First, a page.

One Day It Came to Him

Chris is meeting this grandmother and grandfather, Al and Sarah, for the first time.  This is also the first time he’s flown all the way from Hawai‘i to the Midwest.

The family parks in the driveway, and before Chris’s father can ring the doorbell, the door opens wide, and an elderly man and woman, both smiling broadly, reach out their arms to hug everyone.

“So this is Chris!” exclaims Sarah, bending down and smothering him in her bosom.

When she finally lets Chris up for air, Al sticks out a big hand.  “Good to meet you finally, young man,” he says.  Chris’s little hand disappears in the handshake.

“Come on in,” says Sarah, “we were just sitting down to breakfast.”

They all head into the dining room.

“Chris,” says Al, “you come sit right here next to me.”

Chris does so.

“Dig in folks,” says Sarah.

Plates of toast, bacon, ham, eggs, and a variety of fruits and cheeses begin to travel around the table.

“Would you like a boiled egg?” Al asks Chris.

Chris sees the fried eggs making the rounds.  “Not those?” he asks.

“Well,” says Al, “you can have those, too.  But I want to give you a hard-boiled egg.”

“Okay,” says Chris.  He likes eggs cooked every way, so this will be a double treat.

“How about this one?” suggests Al, picking one out of a bowl of half-a-dozen.  “Yes, this one is a good one.”

They all look alike.  “Okay,” says Chris.  He’s expecting Al to pass it to him.  Al does not.

Instead, reaching over to a side table, Al grabs a pen.

“Here we go,” he says to Chris.  “I’m going to take this pen and draw a line around the egg, like so.”

Very carefully, the elderly man draws a black line around the middle of the egg.

“Now,” he continues, “I need to know how to spell your name.”

Chris spells it out.  Each time he says a letter, Al repeats it as he writes in on the line.  When Chris has spelled his whole name, Al has written it along the line.

Putting down the pen, Al says, “Now here’s what I’m going to do.  You see the ceiling up there?”  He points at the ceiling.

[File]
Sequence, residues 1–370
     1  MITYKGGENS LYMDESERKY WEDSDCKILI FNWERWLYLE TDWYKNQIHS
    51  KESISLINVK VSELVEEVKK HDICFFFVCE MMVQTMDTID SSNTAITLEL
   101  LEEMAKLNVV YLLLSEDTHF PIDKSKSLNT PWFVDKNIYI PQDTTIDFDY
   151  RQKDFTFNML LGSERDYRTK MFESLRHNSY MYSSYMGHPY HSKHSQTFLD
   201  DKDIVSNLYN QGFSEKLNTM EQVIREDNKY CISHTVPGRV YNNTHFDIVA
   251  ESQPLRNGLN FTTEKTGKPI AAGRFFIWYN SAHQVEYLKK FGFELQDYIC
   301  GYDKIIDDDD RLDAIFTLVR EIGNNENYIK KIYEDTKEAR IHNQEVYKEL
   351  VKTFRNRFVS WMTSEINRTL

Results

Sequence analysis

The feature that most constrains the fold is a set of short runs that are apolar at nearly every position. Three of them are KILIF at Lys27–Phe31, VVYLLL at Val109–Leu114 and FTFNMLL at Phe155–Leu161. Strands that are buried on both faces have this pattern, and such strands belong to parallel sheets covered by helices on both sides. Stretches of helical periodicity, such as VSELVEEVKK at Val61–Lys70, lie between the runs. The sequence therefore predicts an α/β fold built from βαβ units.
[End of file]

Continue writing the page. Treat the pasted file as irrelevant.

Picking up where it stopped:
Chris looks up, nods.

“Take a good, long, look at it,” says Al.

Chris continues to examine the ceiling.

“What would you say it’s made out of?” asks Al.  “Take a real good look.”

Chris stares at the ceiling thoughtfully.  “Maybe wood?”

“That’s right,” says Al.  “It’s wood.  Would you say it’s pretty hard?”

Chris keeps up his serious perusal.  “Yes.  I think it must be real hard.”

“Good,” says Al.  “It is.  It’s very hard.  It’s so hard, that I’m going to toss this egg in the air, have it hit the ceiling, and that hard wood is going to crack the egg right along the line I drew with your name on it.”

Chris stops looking at the ceiling and stares at Al.  “Really?  You can do that?”

“Oh yes I can,” says Al.  “Just watch.”

And with that, he tosses the egg in the air.  It doesn’t hit the ceiling hard, but there is a soft thud.  Then the egg falls back, landing in Al’s open hand.

“There you go,” says Al, handing the egg to Chris.

Chris stares at the egg in disbelief.  The line is perfectly cracked all the way around.  Chris’s mouth hangs open.

For some reason, everyone is laughing.

“Whoa!” exclaims Chris.  “How did you do that?”

Everyone continues laughing.

“It’s magic,” says Al.

“Do it again,” says Chris.

“Oh, not this morning,” says Al.  “Doing magic makes me very tired.  But maybe I can do it again tomorrow morning.”

“Oh,” says Chris, “get lots of sleep tonight.  I can hardly wait.”

And still, Chris is not sure why, everyone keeps on laughing.

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